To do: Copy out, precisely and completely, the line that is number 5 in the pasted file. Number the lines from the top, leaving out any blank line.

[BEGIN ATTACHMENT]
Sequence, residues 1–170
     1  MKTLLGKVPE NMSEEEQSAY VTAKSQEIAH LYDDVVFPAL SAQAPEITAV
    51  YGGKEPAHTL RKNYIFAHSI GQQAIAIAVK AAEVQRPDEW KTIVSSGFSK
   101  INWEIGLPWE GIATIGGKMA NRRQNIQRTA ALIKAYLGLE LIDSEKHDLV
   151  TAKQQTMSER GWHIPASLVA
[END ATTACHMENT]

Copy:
   151  TAKQQTMSER GWHIPASLVA